How about social or psychosocial beliefs? Some folks believe that cancer will inevitably lead to death (so-called cancer fatalism). A study by Mitchell et al. (Res. Aging; 2016) reported that among 1,666 African American males enrolled in Medicare, 76.5% felt helpless, 44.2% confused, and 40.7% pessimistic about the ability to prevent cancer. Despite a couple of limitations, the study reveals a challenging factor for cancer prevention and screening detection. Important to note, although African American males remain at greatest risk for dying from prostate, colorectal, and lung cancers compared to men of other races, early detection and treatment save lives.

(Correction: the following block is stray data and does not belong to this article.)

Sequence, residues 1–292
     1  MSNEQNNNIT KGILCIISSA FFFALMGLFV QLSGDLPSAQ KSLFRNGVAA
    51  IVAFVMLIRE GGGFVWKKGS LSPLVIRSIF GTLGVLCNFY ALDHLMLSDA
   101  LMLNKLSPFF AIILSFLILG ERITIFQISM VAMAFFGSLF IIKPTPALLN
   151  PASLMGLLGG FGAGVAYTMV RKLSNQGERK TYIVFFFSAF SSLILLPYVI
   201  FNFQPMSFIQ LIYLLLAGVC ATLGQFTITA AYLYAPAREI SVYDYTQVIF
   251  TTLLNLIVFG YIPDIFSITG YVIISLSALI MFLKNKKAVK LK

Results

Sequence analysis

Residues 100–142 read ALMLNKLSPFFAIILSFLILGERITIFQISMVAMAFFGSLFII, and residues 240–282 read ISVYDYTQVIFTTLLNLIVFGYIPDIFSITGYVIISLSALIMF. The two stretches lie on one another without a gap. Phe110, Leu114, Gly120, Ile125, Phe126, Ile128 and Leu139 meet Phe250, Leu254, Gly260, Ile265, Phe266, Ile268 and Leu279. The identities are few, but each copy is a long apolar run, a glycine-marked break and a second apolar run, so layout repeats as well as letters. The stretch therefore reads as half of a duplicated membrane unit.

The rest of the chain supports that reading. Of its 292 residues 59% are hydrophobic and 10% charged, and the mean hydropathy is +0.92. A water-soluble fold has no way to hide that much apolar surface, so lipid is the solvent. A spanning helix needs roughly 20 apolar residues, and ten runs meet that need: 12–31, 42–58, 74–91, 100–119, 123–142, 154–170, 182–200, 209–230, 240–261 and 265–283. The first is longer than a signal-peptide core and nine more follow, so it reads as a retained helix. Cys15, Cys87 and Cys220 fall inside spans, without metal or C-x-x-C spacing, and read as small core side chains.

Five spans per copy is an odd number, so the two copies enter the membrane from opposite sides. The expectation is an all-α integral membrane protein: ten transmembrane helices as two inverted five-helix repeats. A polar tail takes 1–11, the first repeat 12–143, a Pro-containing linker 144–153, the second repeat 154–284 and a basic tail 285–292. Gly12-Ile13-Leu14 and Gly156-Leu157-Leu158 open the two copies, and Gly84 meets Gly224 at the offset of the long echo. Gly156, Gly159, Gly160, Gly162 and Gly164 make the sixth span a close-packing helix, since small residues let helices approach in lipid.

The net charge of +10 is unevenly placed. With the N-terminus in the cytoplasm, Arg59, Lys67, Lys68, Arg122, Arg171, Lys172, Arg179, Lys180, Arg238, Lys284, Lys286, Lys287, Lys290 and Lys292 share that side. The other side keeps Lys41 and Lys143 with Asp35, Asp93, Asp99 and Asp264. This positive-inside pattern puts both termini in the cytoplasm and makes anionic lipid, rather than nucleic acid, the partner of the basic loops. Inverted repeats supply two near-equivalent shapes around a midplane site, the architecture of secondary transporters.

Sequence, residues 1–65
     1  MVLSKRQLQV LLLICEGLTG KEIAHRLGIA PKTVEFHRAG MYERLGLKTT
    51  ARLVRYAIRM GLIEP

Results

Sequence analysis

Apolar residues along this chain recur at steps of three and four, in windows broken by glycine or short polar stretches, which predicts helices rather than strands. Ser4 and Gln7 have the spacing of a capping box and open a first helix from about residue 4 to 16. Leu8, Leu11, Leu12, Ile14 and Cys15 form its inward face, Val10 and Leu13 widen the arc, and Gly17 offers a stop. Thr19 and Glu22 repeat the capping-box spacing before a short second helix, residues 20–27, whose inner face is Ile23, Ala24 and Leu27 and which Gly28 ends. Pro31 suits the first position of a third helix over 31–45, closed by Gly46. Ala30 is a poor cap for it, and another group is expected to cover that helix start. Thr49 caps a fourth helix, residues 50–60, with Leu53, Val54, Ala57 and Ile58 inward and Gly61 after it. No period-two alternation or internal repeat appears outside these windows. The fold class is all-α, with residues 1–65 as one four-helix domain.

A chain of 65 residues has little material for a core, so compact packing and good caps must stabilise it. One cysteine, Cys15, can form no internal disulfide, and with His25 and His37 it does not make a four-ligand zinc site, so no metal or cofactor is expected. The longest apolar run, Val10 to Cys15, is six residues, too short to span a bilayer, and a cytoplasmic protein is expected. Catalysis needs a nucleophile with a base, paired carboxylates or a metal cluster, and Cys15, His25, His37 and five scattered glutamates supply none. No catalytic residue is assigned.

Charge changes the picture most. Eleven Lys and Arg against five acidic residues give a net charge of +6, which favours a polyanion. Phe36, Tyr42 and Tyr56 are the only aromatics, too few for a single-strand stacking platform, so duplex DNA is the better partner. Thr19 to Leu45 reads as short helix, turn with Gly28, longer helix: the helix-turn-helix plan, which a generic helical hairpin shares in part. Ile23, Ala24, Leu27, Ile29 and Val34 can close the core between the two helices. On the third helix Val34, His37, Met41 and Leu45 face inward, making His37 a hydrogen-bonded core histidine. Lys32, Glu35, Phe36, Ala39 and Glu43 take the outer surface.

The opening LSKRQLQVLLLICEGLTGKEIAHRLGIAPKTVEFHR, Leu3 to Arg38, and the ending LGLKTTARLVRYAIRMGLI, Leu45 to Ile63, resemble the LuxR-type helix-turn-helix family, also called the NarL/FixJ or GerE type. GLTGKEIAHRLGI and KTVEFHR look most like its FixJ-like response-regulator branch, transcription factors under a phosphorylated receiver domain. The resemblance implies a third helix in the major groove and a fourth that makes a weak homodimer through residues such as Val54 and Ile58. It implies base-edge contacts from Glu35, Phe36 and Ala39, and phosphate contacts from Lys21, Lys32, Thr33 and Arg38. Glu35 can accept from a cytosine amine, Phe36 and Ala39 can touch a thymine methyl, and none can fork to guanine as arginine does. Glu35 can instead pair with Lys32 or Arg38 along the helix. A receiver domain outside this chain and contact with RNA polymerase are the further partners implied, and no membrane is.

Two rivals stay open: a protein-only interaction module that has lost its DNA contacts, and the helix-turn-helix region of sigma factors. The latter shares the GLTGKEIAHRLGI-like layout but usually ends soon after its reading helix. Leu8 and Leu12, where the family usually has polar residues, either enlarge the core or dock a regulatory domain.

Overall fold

The Facts & Evidence

Men are more vulnerable to various disorders at all ages across the lifespan. Also, men’s average life expectancy stays largely behind that of women’s. Primary physical health risks that are leading causes of death or are burdens for men include cardiovascular diseases (heart disease and stroke), cancer (especially prostate and lung cancer), diabetes, depression, and suicide. Fortunately, many of the top causes of death are preventable and can be treated, if found early.

Finally, here is a list of Strategic Actions you or your loved ones can take for men’s health:

  • Check out critical numbers such as blood pressure, blood cholesterol, and blood sugar; keep them in normal ranges.
  • Schedule recommended screenings for prostate and colon cancer, and a routine testicle exam.
  • Schedule a routine medical care or physical examination.